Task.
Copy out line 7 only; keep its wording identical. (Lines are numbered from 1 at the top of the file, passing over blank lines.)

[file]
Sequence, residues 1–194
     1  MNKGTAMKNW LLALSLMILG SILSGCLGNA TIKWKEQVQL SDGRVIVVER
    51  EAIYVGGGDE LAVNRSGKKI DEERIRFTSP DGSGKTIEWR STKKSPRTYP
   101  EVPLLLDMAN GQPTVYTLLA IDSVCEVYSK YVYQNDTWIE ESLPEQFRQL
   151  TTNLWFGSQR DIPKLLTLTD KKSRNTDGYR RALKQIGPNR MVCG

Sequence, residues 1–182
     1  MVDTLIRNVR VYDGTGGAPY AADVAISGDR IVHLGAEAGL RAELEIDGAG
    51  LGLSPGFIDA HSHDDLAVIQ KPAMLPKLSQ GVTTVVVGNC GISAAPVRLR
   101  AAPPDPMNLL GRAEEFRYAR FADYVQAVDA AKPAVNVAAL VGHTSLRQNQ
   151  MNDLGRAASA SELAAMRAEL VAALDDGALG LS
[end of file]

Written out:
     1  MVDTLIRNVR VYDGTGGAPY AADVAISGDR IVHLGAEAGL RAELEIDGAG